I have just tried a few G-code commands through OctoPrint terminal with mixed results. M105 works, M140 & M106 don't.

$\endgroup$
3
$\begingroup$

You can find gcode information at the RepRap wiki. The obvious other thing to try is G1 X10 for a move.

Octoprint prints by sending the individual file's gcode one line at a time over USB. It appears that the firmware on your printer might not respond to any 'action' commands over gcode, rather than any fault as such with your hardware/software setup.

Although your board reports a specific firmware version, it is impossible to know if that firmware was corrupted, or patched by the vendor (and no change reflected in the revision print). Thus, your best option to regain full control might be to flash your own firmware using low-level access. I'm guessing that will require an ICSP lead.

The fact that USB works, and the printer works, tends to suggest that the board is properly functional.

$\endgroup$
  • 1
    $\begingroup$ It appears you may have been correct in your conclusion of either patched or corrupted firmware. Flashing the ATMega1280 via ICSP lead with the latest sailfish .hex file has resolved the issue. I can now use OctoPrint / GPX to upload G-Code from any slicer and convert to the printers X3G on the fly. $\endgroup$ – AvieRose Jul 5 at 14:10
  • $\begingroup$ Thanks for the confirmation. Its useful data for others. $\endgroup$ – Sean Houlihane Jul 5 at 15:17
5
$\begingroup$

Good morning, and welcome to 3D Printing SE.

You said: "I can see information from the printer via USB in RepG and through OctoPrint, but can't send any prints, commands or upgrade firmware (I wanted to flash Sailfish 7.7 eventually)." This means that the USB communication is working fine. It isn't a question of drivers or the FTDI interface chip. That must be working fine or you wouldn't have any USB communication.

I would look toward a problem with slight dialect differences in the firmware that is flashed compared with the expectations of the host software.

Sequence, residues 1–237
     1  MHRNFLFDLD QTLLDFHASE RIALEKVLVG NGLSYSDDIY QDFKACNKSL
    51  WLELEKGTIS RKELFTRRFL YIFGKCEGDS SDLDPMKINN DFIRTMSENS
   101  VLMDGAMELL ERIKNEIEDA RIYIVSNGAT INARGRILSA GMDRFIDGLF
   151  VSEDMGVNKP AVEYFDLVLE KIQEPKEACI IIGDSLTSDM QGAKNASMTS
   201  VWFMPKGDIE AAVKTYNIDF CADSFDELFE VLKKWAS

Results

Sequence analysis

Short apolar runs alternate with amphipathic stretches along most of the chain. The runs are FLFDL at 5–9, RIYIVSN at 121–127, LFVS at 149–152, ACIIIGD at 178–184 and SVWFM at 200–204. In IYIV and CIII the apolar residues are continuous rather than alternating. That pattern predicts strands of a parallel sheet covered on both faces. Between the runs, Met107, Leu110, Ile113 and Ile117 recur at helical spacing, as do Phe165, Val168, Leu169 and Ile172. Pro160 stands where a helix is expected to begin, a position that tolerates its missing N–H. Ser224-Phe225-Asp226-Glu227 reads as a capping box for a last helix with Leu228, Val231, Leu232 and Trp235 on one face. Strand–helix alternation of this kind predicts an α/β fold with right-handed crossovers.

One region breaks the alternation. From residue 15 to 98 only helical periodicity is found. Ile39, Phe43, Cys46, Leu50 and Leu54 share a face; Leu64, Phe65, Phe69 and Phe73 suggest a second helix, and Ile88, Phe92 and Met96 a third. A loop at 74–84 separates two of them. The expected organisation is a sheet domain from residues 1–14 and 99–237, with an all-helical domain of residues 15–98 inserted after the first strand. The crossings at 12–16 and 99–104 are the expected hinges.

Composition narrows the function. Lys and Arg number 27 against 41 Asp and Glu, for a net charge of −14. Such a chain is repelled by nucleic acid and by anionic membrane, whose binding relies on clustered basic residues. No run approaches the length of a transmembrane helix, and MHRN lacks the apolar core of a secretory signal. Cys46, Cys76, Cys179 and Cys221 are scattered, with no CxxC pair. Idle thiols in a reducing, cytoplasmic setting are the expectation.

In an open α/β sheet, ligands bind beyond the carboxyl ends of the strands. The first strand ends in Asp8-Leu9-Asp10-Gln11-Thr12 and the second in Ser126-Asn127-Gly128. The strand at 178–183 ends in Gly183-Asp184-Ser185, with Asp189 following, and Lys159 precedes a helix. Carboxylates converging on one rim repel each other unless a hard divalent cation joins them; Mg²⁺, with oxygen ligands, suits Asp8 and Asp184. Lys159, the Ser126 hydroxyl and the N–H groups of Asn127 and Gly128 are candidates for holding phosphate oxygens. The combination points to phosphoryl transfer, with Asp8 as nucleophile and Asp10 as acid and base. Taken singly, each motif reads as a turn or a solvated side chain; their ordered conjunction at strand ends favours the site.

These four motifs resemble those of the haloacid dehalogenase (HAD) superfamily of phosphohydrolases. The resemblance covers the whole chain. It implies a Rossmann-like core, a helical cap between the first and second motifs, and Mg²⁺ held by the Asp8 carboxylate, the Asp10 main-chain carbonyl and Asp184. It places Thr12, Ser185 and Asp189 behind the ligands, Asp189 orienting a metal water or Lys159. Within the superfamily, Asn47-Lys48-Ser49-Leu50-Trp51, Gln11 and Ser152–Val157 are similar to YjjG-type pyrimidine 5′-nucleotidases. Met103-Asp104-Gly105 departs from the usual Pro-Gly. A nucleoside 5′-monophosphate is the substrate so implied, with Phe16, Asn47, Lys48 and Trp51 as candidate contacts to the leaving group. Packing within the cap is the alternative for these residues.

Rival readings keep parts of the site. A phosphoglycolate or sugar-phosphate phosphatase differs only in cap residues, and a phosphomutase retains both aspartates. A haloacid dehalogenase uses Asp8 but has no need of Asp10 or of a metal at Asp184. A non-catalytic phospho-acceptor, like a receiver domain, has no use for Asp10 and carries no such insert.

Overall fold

I am not an expert regarding the differences in firmware G-code dialects, but there are at least: Marlin, Repetier, Mach3, LinuxCNC, Machinekit, Smoothie, Makerware, Sailfish. I got this list from the "about" page for Slic3r.

I would start by trying to slice files with different dialects and seeing if one of the resulting G-code files prints. You may also find a description of the firmware you have flashed with references one of these names, which would save a lot of time.

For flashing, you could try dropping back to the Arduino level and use those flashing tools.


More answer in response to the information you have added to the question.

X3G files are not G-code files. If you are using a control program that expects G-code, it will not be able to handle X3G code. Similarly, if the printer expects X3G, it may not understand G-code.

Octoprint has an adapter layer that seems to interconvert between g-code and GPX. You are running this layer. At about line 11 of the log file you added to the question:

Recv: echo: gcode to x3g translation by GPX

The GPX add-in may be perfect, and it may cover all version of firmware and all functions. I don't use it and am unfamiliar with it.